Date of Award
Doctor of Physical Therapy (DPT)
Susan H.N. Jeno
Conservative Treatment; Rotator Cuff Injuries -- rehabilitation; Shoulder Pain -- therapy
Shoulder pain caused by a rotator cuff tear may inhibit one's ability to perform activities of daily living. Although surgery is a common intervention with this diagnosis, some clients are not surgical candidates or do not wish to undergo surgical intervention leaving conservative treatment as their only option. Therefore, the purpose of this case report is to describe the intervention used in the nonoperative management of a client with a full-thickness rotator cuff tear. The client was a 68 year old male with the diagnosis of a right shoulder rotator cuff tear. The client participated in physical therapy 2 times a week for 4 weeks (8 visits). The intervention consisted of postural education, scapular stabilization exercises, range of motion exercises, and strengthening exercises. This client demonstrated increased shoulder range of motion (ROM) and strength to within functional limits, decreased pain and was able to return to prior functional level to include recreational exercises 2-3 days a week. Conservative, nonoperative management may be an effective method for restoring the function in clients with rotator cuff tears. This case report demonstrates the effectiveness of physical therapy intervention on returning a client who had a full-thickness rotator cuff tear to prior functional activities.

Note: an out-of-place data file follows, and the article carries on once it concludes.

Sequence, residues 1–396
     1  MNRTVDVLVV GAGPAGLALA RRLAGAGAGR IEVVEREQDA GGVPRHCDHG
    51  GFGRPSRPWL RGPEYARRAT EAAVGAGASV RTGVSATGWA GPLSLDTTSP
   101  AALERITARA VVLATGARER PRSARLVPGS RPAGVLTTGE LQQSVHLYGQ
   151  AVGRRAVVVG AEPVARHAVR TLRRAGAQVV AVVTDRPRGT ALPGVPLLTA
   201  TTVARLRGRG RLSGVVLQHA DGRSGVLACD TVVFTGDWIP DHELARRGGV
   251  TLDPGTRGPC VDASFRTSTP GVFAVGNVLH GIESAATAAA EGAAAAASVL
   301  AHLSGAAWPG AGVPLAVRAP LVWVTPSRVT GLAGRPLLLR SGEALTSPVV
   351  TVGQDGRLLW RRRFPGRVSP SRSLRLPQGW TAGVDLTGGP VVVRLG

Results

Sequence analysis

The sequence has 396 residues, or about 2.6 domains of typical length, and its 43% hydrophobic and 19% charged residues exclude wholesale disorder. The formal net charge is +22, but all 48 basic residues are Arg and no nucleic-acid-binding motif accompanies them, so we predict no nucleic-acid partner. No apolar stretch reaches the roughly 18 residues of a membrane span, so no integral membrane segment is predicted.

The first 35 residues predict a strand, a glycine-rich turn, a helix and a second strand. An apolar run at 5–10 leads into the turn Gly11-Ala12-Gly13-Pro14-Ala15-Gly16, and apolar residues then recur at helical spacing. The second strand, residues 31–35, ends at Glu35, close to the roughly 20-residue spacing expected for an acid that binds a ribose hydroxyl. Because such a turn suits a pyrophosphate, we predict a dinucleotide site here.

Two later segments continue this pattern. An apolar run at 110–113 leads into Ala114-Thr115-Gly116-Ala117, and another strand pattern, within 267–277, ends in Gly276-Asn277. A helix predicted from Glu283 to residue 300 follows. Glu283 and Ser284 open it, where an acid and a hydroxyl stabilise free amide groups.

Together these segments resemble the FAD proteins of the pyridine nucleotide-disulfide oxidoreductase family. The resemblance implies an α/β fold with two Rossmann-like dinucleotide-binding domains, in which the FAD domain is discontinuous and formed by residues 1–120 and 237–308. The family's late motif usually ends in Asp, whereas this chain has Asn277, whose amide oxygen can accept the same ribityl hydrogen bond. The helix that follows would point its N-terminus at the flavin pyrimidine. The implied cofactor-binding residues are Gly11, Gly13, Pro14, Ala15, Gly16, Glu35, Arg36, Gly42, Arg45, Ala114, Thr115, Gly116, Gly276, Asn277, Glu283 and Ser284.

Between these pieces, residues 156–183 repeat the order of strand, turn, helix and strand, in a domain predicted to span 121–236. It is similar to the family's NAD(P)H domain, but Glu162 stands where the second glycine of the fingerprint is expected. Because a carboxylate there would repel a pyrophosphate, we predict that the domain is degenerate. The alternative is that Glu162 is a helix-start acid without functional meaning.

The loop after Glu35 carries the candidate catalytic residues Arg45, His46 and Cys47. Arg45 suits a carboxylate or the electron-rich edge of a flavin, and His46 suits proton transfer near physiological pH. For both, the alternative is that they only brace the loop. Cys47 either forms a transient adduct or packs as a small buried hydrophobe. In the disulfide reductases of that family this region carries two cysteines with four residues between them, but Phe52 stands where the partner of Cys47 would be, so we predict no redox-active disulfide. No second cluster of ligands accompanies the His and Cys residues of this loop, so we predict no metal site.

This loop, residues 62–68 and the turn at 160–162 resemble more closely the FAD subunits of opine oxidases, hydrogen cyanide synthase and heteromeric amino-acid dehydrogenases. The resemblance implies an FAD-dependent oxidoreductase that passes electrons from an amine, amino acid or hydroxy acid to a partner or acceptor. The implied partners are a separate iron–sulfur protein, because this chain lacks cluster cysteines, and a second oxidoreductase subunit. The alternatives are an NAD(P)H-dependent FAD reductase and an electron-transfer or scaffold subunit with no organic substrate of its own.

Neary, Samantha, "Nonoperative management of a client with a full-thickness rotator cuff tear" (2007). Physical Therapy Scholarly Projects. 511.